Utah Tea Party Falls Off The Deep End

 Crack Pots, Legislature, Politics  Comments Off on Utah Tea Party Falls Off The Deep End
Feb 272016
 

AlJacksonJust in case you’ve forgotten, U.S. Senators were not always elected by the people. The Constitution allowed the state legislatures to decide how their states’ Senators would be chosen. In the early days after the Constitution was ratified, legislatures often chose the Senators themselves. However, as people began to demand it, many legislatures gave the voters the right to choose their Senators even before the federal Constitution required them to do so. This was changed in 1913, by the 17th Amendment, which provided that Senators would be chosen by the people in the same way the Representatives were.

Well, those good Mormon Republicans in Utah have decided the 17th Amendment was a bad idea, and wait ’til you hear the explanation offered by Senator Al “I hate representative Government” Jackson (R-Idiot). It might be important to note that being “appointed” to representative government has a special place in Al’s life, as he wasn’t elected to his seat, but appointed to fill an unexpired term of someone else.

According to Jackson, no branch of the federal government represents the interests of the states. Funny thing about that though, I thought our government was formed to represent the interests of the citizens, but Al looks at this way, “Today, senators are more beholden to special interest groups than to their states because those interests give them money for reelection. It’s time for our senators to come home every weekend and take direction from this body and from the House and the governor on how they should vote in the upcoming week.” Continue reading »

May 242008
 

It’s hard to believe, but Deep Sand debuted on May 24, 2004. I can’t believe I’ve maintained this blog for that long. Lot’s of blogs out there have been abandoned over the past four years.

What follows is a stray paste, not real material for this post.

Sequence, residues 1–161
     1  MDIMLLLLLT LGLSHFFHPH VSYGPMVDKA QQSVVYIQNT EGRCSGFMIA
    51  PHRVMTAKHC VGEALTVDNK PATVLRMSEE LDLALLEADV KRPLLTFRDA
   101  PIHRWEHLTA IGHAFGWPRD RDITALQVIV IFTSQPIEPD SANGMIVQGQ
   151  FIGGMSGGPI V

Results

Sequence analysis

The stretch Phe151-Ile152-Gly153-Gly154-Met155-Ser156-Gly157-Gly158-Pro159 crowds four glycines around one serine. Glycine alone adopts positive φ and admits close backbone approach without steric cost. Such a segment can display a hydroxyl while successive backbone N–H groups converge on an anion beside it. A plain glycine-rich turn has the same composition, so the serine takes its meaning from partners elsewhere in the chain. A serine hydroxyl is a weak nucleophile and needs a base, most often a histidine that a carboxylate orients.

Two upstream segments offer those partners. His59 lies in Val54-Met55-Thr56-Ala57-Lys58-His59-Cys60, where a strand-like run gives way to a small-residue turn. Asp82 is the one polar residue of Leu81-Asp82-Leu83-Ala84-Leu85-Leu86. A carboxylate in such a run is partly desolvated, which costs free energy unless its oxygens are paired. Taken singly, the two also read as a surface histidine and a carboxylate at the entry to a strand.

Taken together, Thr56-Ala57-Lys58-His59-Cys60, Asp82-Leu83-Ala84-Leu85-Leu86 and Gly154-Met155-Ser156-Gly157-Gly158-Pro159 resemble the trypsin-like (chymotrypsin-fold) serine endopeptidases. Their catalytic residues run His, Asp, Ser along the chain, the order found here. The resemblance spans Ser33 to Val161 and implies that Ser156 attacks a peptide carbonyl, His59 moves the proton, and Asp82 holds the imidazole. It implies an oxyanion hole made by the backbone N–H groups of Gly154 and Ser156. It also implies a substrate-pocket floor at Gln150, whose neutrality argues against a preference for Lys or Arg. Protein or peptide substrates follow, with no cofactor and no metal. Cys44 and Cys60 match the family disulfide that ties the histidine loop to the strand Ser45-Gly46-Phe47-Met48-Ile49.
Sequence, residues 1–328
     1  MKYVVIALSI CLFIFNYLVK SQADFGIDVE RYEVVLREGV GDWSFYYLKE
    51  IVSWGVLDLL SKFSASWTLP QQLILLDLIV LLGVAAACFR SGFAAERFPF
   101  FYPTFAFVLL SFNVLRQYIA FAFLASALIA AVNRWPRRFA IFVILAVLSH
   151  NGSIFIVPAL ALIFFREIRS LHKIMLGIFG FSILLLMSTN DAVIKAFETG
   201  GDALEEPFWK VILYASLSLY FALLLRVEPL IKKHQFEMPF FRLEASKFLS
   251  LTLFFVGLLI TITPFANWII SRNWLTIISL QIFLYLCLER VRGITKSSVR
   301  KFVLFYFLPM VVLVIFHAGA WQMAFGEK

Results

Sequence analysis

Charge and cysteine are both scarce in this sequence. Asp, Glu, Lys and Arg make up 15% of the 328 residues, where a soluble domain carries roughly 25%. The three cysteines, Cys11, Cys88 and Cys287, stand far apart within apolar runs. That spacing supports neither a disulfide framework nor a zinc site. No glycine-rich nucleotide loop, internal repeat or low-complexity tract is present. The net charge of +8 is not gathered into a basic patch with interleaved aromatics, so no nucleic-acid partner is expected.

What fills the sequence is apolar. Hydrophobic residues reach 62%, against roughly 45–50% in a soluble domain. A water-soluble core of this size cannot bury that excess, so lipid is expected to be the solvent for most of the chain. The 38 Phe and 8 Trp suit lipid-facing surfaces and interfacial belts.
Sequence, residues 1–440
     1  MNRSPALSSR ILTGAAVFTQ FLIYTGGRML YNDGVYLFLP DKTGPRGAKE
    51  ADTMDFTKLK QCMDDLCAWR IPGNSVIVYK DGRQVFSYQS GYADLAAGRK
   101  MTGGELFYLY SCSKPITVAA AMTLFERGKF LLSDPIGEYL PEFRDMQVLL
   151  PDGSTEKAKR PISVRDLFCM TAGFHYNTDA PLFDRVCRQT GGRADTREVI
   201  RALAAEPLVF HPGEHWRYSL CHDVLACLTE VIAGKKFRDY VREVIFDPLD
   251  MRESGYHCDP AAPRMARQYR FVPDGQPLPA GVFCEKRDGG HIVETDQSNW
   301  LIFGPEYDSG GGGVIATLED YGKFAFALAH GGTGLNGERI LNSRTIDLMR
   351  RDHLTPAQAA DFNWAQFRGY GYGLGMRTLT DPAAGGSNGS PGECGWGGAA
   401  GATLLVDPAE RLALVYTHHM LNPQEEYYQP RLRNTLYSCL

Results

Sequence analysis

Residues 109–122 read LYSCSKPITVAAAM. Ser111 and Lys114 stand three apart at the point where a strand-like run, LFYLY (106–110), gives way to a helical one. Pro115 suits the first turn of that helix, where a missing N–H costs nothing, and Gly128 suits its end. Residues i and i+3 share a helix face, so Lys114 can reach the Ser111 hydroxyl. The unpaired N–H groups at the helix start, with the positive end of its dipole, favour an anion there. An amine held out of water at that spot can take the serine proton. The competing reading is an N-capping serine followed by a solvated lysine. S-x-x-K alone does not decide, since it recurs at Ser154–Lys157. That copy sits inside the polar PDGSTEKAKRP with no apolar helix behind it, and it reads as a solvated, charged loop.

We’ve gone through a couple of site redesigns, and we’ve tried to keep up-t0-date with the software versions and enhancements. I’ve learned a lot about PHP and the open source world through all this and we’ve written about a lot things over those four years.   Continue reading »

Defining Characteristics of Facist Governments – Scary

 Corruption, Election, Politics  Comments Off on Defining Characteristics of Facist Governments – Scary
Sep 232005
 

The reconstruction of Louisiana, Mississippi, and Alabama provides a fascinating picture of how the Bush administration actually works. His government represents an odd melding of corporatism and cronyism, more in tune with the workings of 1930s Italy or Spain. In fact, if one looks at fascist regimes of the 20th century, it is appears that the Bush administration draws more from these sources than traditional conservatism. Dr. Lawrence Britt has examined the fascist regimes of Hitler (Germany), Mussolini (Italy), Franco (Spain), Suharto (Indonesia) and several Latin American regimes. Britt found 14 defining characteristics common to each:

  • Powerful and Continuing Nationalism – Fascist regimes tend to make constant use of patriotic mottos, slogans, symbols, songs, and other paraphernalia. Flags are seen everywhere, as are flag symbols on clothing and in public displays.
  • Disdain for the Recognition of Human Rights – Because of fear of enemies and the need for security, the people in fascist regimes are persuaded that human rights can be ignored in certain cases because of “need.” The people tend to look the other way or even approve of torture, summary executions, assassinations, long incarcerations of prisoners, etc.